Put that cell phone away, please. Many dispensaries have a “no photo” policy, and therefore by definition restrict phone usage inside. Even when they don’t, chatting, texting and shooting photos can be very distracting and annoying for fellow customers and for dispensary employees.
Have some consideration and put that phone away for a couple of damn minutes; you’ll be fine.
9. Respect the personal space of other customers
Many of the more popular shops typically have waiting lines. This should go without saying, but after visiting a few places, it apparently needs repeating: Give ample space to the person in front of you. Besides just being good manners, you are also giving them an opportunity to discuss their medical conditions and other personal information in privacy.
10. Do not haggle, harangue, or harass your budtender
Your budtender, while often a wonderful source of information and advice, doesn’t control the inventory. He or she cannot “front you a sack.” He or she cannot “throw you an extra nug.” Cannabis products are closely tracked, from seed to sale, and in Washington state, for instance, it is unfortunately illegal to give any away.
11. Don’t smoke in the parking lot
If you make this rookie mistake, you might well be asked to leave. In a worst-case scenario, you could actually be ticketed for public consumption, an expensive and silly mistake. Get your stoner ass out of the dispensary parking lot before firing up.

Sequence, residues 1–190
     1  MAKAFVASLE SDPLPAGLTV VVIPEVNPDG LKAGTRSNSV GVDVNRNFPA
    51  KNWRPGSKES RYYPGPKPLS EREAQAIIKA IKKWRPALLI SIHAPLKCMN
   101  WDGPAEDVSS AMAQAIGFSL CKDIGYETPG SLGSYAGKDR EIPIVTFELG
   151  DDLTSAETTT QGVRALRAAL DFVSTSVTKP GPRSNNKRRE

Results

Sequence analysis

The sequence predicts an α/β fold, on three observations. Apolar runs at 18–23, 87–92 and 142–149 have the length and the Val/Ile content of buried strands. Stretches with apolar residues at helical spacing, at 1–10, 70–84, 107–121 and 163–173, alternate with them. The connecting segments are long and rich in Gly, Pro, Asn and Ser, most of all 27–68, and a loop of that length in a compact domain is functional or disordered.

12. Lab results are useful, but they don’t tell the whole story
While the THC and CBD numbers on laboratory test results are quite useful (for instance, if you are comparing all the $10/gram strains for potency), there are plenty of important factors that don’t show up in those numbers.
Things like types of terpenes (the aromatic compounds that not only smell wonderful but actually can potentiate the high) can greatly impact your experience. Some people love the smell and taste of Sour Diesel, for instance; others would much rather have Girl Scout Cookies or Cherry Pie.
Other things not reflected in the lab numbers include cure quality and conscientious trimming.
13. Cosmetic factors like trim and smell aren’t the be-all, either
Having offered a few cautionary words about lab results, let me quickly add that cosmetic factors such as appearance and terpenes give you limited information, as well.
While attractively trimmed, expertly flowered buds are undeniably things of beauty (and great to show off to your smokin’ buddies or significant other), the best trim and smell in the world pale in importance next to the high you get from the weed.
Don’t lose sight of how it makes you feel. There’s no weed trimmed expertly enough to compensate for not getting you where you want to go, mentally.
14. Now, go and have yourself some fun!
Remember that buying weed, when done right, is a joyful and fun experience. Re-upping your cannabis supply is a happy occasion, and one that is to be properly approached with a healthy sense of fun and adventure.
It’s not legal anywhere in the U.S.
Do we have to stop saying “stoner” to get rid of stoner stigma?